They're tiny bloodsucking pests that infest everything from furniture to picture frames to laptop computers, with no discrimination for race, age or social class, and they may be coming soon to a mattress near you.
This summer alone, bedbugs have been blamed for shutting down a Times Square movie theatre, a handful of major retail stores and offices for CNN and Elle magazine in New York City.
But bedbugs aren't strictly a NYC problem.
"The Health Department has been experiencing an increase in bedbug calls over the last several years, from one to two a month to one to two a week, most of them from homeowners and tenants with a few insitutions included," said Kevin Zimmerman, director of environmental health at the Onondaga County Health Department.
They are quickly becoming just as real a threat in Central New York, and Syracuse area residents stand to lose sleep over the issue.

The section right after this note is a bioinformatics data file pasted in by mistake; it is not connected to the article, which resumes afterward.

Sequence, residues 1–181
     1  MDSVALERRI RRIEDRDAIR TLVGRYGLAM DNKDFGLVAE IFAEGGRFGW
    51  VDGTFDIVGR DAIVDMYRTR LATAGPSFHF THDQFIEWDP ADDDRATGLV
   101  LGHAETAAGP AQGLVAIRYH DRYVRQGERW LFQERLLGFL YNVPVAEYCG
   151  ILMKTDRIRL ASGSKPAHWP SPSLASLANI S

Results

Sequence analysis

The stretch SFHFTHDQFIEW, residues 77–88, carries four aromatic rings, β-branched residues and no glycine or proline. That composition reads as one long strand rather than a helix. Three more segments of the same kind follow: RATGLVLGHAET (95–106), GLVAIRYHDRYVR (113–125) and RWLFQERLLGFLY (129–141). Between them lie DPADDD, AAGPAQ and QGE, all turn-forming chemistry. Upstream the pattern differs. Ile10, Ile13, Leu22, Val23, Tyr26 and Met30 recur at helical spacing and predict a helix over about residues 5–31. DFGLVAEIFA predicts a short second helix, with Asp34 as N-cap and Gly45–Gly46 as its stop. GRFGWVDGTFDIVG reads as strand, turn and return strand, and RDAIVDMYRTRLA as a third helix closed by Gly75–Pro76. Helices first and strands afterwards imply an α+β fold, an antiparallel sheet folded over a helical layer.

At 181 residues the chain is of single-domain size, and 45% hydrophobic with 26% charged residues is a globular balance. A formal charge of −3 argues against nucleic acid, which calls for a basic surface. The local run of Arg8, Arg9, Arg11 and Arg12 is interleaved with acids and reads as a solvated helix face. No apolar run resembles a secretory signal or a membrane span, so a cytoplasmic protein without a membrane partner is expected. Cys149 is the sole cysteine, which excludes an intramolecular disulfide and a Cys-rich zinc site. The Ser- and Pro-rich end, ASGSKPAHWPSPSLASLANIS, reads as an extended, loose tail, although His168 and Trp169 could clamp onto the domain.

What are bedbugs?
Bedbugs are flat, wingless insects that feed on blood. They follow the trail of CO2 expressed by their victims during their deepest sleep stages, usually right before dawn. Bedbugs inject the bite site to prevent their prey from feeling the gruesome interaction, then they have their fill and scurry back into their hiding spots, usually around the seams of a mattress, inside bed frames or even inside cracks in ceilings and walls.
For most people, the small itchy bumps left behind are the only evidence of bedbugs' presence in their home -- and some people don't react to the bites.
Translation: you may have them, and not even know it.
Tiny black dots of bedbug waste along mattress seams, or spots of blood on your sheets are also indicators of an infestation.
Where are they?
Since bedbugs love the blood of sleeping humans, its natural that they are most often found where large numbers of people sleep. Like, apartment complexes and dormitories.